Format read: ARC received via Edelweiss from the publisher. (Thank you!)

Summary: At 16, Justine, Rory, Felix, Kiera, and Nate are soon to begin filming another documentary. Beginning when they were 6, a film crew followed them around for a few months to document their lives. They’ve followed up every five years and plan to continue doing so until they’re 21. Oh, how things have changed since they were 11. Justine thinks she’s already lived through the best part of her life and she’s going to let down viewers.

Have you ever misjudged a book? Maybe just thought it would tell a different story than what you read? When I began reading You Look Different in Real Life, I expected something a bit more light-hearted that I would breeze through. I stopped reading book summaries a few months ago because I felt like they were spoiling so much for me, but in this particular case, I think maybe the cover eludes to a different story. (Thoughts?) But I digress… — WOW! — am I so glad I was so misguided. What I read — what Jennifer Castle wrote — is absolutely phenomenal.

In a nutshell, You Look Different in Real Life is deep, engaging, so meaty and full of story — there’s past and present stories that makes everything flow effortlessly. I laughed, I cried. I couldn’t put it down.

Justine, the main character, is uncertain of who she is. When she was six years old, she partook in a documentary film with four other six-year-olds (Rory, Nate, Felix, and Kiera) that followed them throughout the course of a few months. When they turned eleven, the film crew popped back into their lives to begin filming again. At sixteen, Justine is expecting a phone call. She knows they’ll return because the intent was to follow them until they turned 21. She’s hesitant of their return because at 6 and 11, she was somewhat the standout kid — she was quirky and full of personality. She won the hearts of thousands. At 16, she feels she’s digressed because she peaked at 11. Justine now feels like she’s lost herself — she has no hobbies and no particular talents. Everyone who loved her in the previous films will be disappointed with who she’s become.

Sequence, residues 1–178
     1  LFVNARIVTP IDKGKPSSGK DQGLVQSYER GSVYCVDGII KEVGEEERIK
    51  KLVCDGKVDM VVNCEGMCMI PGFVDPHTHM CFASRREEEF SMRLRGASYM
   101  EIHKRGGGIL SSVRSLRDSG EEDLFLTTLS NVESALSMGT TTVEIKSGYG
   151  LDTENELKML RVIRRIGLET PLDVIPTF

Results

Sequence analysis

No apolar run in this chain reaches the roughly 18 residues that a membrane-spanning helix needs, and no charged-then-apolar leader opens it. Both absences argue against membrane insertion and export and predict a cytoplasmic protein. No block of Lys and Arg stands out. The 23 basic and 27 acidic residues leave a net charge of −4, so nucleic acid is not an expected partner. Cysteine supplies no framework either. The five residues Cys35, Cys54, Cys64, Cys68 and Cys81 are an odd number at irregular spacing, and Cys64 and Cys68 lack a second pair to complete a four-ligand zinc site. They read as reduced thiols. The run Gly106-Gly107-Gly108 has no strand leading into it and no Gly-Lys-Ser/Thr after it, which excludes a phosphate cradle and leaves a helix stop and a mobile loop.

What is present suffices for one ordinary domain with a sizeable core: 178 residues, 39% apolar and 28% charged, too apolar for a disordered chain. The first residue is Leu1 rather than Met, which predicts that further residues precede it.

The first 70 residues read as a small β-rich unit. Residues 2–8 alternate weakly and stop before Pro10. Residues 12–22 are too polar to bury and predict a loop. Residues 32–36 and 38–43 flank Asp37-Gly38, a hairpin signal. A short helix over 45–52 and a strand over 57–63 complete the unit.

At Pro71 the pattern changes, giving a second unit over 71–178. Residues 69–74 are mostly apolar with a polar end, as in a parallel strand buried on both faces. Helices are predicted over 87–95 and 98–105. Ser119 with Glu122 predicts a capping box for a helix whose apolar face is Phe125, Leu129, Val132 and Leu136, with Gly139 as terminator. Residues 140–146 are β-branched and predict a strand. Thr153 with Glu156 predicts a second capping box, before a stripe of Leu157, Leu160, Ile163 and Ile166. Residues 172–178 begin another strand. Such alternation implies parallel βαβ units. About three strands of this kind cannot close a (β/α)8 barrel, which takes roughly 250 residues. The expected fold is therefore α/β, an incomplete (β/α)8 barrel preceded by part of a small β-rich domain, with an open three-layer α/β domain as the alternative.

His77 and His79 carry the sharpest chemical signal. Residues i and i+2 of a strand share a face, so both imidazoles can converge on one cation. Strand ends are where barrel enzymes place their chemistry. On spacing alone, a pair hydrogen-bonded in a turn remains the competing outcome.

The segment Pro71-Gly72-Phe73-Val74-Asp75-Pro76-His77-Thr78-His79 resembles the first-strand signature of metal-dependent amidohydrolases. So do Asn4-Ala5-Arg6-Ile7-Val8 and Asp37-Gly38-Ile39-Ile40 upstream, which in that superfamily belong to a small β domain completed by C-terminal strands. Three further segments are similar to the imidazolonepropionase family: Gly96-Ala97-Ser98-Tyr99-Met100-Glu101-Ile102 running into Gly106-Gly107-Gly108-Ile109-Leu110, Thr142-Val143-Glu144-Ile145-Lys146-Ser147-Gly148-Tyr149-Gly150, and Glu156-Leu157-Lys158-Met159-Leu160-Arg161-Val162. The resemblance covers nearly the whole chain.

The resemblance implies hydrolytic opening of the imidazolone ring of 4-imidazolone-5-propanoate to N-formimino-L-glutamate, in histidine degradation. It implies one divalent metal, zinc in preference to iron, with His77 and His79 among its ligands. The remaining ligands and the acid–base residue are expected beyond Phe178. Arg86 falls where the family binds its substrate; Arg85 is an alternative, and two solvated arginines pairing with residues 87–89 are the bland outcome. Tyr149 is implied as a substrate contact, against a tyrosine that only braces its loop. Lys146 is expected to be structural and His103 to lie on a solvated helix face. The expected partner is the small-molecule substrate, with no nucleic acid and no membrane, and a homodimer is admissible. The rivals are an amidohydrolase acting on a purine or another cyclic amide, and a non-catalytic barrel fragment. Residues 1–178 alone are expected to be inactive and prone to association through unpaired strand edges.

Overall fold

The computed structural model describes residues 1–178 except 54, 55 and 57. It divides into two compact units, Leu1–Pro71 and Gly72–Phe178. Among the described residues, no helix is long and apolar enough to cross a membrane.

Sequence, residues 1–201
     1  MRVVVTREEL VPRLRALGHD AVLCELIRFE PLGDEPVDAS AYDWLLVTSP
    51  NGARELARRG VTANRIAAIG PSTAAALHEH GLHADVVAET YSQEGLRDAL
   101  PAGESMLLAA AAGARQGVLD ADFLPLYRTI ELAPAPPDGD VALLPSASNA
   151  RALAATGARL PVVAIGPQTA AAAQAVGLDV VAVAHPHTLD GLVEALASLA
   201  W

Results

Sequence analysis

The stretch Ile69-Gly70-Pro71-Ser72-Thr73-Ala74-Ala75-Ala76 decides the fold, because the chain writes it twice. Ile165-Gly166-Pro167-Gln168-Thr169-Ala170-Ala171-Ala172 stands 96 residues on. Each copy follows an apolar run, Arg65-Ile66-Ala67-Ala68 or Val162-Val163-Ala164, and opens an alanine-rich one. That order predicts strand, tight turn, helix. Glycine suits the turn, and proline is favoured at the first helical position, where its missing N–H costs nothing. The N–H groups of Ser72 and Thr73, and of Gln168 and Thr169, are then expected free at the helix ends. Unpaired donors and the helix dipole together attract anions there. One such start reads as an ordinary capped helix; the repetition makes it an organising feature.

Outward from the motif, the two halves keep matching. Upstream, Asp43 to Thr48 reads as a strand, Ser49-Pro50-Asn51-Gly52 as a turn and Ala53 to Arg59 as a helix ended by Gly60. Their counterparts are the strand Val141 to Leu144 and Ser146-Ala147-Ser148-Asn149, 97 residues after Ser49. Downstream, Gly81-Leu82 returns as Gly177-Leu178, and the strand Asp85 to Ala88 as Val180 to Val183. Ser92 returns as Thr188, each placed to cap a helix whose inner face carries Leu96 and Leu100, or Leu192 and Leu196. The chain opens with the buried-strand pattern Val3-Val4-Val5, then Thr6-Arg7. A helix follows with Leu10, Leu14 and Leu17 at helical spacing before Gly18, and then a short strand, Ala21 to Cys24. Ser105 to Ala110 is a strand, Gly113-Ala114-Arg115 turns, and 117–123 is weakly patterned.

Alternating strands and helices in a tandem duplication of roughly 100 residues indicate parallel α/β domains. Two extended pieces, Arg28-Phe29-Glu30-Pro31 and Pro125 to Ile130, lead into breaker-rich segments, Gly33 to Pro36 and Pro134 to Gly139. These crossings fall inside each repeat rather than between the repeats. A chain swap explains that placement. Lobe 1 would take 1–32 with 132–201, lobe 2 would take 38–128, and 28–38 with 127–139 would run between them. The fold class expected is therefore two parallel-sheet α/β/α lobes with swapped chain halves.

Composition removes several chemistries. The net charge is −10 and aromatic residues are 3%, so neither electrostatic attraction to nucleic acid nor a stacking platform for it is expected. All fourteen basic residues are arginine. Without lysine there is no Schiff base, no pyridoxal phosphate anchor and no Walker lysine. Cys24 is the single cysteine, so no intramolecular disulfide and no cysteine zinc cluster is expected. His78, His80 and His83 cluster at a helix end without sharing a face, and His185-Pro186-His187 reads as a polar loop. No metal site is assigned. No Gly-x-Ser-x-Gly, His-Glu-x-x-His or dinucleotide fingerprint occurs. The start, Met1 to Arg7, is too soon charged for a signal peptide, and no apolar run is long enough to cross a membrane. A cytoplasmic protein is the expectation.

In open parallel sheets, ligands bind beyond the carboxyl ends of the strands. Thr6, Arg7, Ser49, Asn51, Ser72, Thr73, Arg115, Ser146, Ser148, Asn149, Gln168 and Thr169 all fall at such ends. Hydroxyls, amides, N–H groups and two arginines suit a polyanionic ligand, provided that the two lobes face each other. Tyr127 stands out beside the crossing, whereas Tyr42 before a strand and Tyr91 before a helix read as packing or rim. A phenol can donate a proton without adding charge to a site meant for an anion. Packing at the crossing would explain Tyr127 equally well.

To make matters more interesting, Justine, Rory, Nate, Kiera, and Felix aren’t really a close group of friends. They’ve all, in multiple ways, hurt one another. Rory is Justine’s ex-best friend; she’s odd and blatantly honest. Justine has things she wants to say to Rory, genuinely, but is afraid that they will come off as being timed for the film. Nate has made the biggest turnaround of the group; he used to be a misfit who got teased endlessly, but now he’s a popular jock. Justine resents him because she thinks (but doesn’t know the details of the exact encounter) he did something to Felix, her present day best friend. Felix wants to be a star; he’s always felt overshadowed and wants to have a bigger role in the next film. And lastly, there’s Kiera. She and Justine orbit in different worlds and don’t particularly get along. Kiera is friends with Nate and she’s pretty/popular.

What the film crew expects to find is the complete opposite of the reality they stumble upon. So much so that they have to intervene and begin to manipulate situations to get these very hesitant-to-interact teenagers together. What really makes the story feel like a fresh breath of air are the many, many details put into aspects of who these kids are/were. Everything feels completely believable and realistic. We aren’t always given all of the details upfront, but I trusted Castle would carefully lead us to the end of the rainbow where all the answers awaited. There’s not a moment I felt like she, Castle, was providing unsubstantial information; each sentence was flooded with supportive details and full of character-building. Every progression in the story felt natural and made so much sense.

But maybe my most favorite aspect was how well-rounded everything felt. Castle set the scene and created a whole picture throughout the book by including a barrage of family and friendship moments. With all the transitions, growth, uncertainty. I find it impressive that a story based on the “reality” of five teenagers being filmed and documented could ironically feel so flawless and full of life; maybe because reality TV has conditioned me to believe only 5% of what’s being aired, I assumed Castle’s story would take the same over-the-top approach since it tackled a familiar situation. But I just couldn’t have been more wrong.